2017 Lincoln Balloon Festival
August 25th thru 27th

GiGi's Playhouse launches Down Syndrome developmental programs at Balloon Festival

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[August 28, 2017]  On Saturday from 1-4 p.m. at the Lincoln Balloon Festival, GiGi's Playhouse rolled out its programs at a community kick-off event.

GiGi's mobile pop-up, sponsored by the Down Syndrome Advocacy Group of Central Illinois, offers free therapeutic and educational programs geared toward individuals with Down Syndrome. These programs are designed for various age groups from birth through adulthood.

Gigi's Playhouse is a nationwide network of Down Syndrome Achievement Centers and is free to families because of generous donations and the support of many volunteers.

Starting in October, programming will be offered throughout the community by trained volunteers. Natalie Marquez has worked to set up the local program with the help of Hannah Rae and Jessica Howerton. Several other volunteers also assisted with Saturday's launch.

Daniell Bargstadt works to get programs started and said, "We help with the launch and then depend on local volunteers committed to bringing Gigi's Playhouse to their community."

A list of the signature programs unveiled this weekend is described on their website: https://gigisplayhouse.org.

The Language Music N' Our Peeps, or LMNOP program, is designed for children from zero through three. It teaches children basic sign language and communication through music and language based activities. Other programs help with developing gross motor and fine motor skills.

For Saturday, Bargstadt started the LMNOP program by singing "Look Who Came to Gigi's Today," inserting each of the children's names as she sang.


Next up she read "Brown Bear, Brown Bear" and had each child hold up their picture of the various animals.

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Other activities included a song where children danced with colorful scarves and passed them around the group.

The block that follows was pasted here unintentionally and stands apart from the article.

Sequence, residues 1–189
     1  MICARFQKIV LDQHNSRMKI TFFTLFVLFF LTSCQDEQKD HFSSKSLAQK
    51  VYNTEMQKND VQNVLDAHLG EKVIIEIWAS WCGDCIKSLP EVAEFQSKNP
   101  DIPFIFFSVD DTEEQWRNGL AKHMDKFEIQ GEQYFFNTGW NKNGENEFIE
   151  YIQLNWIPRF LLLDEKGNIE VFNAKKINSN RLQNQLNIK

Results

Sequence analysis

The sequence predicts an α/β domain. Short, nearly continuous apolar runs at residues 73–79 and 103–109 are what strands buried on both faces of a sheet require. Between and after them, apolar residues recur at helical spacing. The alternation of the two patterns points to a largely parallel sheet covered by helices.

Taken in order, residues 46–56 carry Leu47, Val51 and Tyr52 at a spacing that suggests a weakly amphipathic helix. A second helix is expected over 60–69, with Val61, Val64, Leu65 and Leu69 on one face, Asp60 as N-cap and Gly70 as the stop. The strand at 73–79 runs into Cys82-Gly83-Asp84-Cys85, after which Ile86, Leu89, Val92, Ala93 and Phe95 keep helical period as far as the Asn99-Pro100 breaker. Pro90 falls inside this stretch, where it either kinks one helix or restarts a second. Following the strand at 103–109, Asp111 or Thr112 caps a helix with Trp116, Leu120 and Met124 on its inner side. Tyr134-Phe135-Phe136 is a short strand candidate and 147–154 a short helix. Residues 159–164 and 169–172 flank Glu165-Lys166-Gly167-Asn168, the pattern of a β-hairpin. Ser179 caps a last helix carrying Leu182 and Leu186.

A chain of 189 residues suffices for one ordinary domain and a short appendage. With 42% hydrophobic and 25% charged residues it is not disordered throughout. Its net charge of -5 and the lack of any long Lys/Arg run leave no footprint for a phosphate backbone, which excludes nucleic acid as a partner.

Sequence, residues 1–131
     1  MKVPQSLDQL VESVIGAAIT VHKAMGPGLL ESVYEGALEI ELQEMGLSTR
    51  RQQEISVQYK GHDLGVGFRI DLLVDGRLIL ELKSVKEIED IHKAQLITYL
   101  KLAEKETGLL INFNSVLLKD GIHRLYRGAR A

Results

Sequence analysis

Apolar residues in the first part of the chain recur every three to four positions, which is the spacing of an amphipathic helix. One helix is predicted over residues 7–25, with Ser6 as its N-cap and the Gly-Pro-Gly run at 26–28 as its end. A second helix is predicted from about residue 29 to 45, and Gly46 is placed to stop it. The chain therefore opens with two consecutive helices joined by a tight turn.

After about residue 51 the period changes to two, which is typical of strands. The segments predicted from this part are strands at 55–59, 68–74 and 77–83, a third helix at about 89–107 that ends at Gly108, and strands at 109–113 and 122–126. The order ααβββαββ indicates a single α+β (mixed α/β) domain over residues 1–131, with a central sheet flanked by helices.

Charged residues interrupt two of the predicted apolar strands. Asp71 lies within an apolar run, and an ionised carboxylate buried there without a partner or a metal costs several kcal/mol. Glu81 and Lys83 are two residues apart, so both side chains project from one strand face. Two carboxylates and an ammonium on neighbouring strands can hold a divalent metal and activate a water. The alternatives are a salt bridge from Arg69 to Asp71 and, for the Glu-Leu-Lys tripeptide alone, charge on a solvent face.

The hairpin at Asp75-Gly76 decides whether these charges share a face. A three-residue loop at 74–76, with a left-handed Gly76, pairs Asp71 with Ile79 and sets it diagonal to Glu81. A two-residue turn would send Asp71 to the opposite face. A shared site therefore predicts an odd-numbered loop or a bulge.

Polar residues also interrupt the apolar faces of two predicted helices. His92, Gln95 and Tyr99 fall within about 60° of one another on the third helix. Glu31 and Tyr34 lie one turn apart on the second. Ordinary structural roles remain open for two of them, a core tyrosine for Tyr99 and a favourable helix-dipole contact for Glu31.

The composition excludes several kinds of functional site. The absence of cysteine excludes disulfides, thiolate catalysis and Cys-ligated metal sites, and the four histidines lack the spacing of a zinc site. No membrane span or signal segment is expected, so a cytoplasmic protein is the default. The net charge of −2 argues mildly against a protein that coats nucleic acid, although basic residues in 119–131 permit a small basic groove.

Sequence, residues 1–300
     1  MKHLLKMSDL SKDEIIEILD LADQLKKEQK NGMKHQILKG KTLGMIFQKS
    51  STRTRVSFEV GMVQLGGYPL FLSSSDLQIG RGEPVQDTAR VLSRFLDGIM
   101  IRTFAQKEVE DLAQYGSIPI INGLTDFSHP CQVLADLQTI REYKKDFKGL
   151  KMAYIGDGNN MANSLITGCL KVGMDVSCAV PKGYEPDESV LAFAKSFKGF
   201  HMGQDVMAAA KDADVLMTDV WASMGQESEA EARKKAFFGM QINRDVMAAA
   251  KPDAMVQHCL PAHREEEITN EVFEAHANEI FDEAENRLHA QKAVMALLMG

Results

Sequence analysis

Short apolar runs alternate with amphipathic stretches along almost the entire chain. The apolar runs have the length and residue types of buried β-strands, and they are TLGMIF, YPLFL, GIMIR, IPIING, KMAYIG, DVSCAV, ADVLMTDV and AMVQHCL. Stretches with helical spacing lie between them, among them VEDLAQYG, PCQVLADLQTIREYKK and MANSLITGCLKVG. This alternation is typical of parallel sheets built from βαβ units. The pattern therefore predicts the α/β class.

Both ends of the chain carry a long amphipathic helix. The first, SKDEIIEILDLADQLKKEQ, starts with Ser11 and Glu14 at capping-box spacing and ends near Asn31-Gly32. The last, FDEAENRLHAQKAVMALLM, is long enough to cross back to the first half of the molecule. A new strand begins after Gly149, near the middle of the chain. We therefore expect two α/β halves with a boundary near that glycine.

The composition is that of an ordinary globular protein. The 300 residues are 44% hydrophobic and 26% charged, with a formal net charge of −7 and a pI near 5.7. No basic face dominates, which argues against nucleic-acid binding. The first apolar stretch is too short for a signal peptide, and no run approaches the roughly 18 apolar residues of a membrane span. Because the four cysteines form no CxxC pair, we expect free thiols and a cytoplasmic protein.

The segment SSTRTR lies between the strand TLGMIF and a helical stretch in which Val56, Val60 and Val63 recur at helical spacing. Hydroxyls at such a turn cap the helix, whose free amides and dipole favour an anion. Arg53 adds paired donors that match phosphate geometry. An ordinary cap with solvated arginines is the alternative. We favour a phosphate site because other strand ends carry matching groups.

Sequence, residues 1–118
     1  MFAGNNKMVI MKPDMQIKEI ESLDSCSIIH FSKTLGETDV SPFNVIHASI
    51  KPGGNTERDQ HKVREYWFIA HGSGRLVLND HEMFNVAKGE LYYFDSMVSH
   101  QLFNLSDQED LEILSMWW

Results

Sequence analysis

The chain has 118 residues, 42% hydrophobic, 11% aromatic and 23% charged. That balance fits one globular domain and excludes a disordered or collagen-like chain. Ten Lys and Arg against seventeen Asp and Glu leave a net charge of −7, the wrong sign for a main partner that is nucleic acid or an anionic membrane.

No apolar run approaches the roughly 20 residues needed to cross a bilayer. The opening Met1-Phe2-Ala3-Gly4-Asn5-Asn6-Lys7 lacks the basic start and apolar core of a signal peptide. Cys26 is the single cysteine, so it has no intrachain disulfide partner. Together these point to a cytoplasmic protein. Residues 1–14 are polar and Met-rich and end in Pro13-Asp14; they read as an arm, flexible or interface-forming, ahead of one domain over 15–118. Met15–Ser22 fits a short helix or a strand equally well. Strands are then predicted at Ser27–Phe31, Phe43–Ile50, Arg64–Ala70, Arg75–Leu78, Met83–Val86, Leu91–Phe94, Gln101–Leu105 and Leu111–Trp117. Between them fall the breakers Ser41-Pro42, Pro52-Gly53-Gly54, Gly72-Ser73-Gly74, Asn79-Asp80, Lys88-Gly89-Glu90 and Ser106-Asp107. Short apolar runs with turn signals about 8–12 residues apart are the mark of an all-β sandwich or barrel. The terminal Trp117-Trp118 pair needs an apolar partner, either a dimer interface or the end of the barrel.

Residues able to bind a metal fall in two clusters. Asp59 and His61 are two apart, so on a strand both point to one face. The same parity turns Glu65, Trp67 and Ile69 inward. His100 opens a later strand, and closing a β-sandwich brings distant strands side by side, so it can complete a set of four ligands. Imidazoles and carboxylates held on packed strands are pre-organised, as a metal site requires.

The Playhouse Pals for five to eight-year-olds assists children in developing language and social skills as they interact with peers. Active games help with gross motor, fine motor, and self-help skills.

For Playhouse Pals, nine to 12 years of age, children did a relay running sponges back and forth between buckets of water.


They also bounced balls up and down as they shook a big parachute together.

The Teen Tastic program for 13 to 18-year-olds focuses on the development of social skills though team activities that help teach turn-taking and problem solving.

The Fantastic Friends program for those age 18 and above, supports the development of social skills and language through interacting with peers in activities they plan themselves. Games, dancing, and community outings are some of the activities.

To introduce these programs, Janell Woolard led families in Zumba with everyone dancing to the beat of well-known pop songs.

Information stations displayed some of the other programs offered. Jennifer Parsons from the Quad Cities works with the math and literacy programs. These programs meet 45 minutes once a week for ten weeks and materials are sent home for families to work on.

These are just part of the dozens of therapy based programs that help with development.

Anne Marie Brown, who helped get families signed up, said over fifteen families registered.

To learn more about what is offered, go to the site: https://gigisplayhouse.org/ programs-2

[Angela Reiners]

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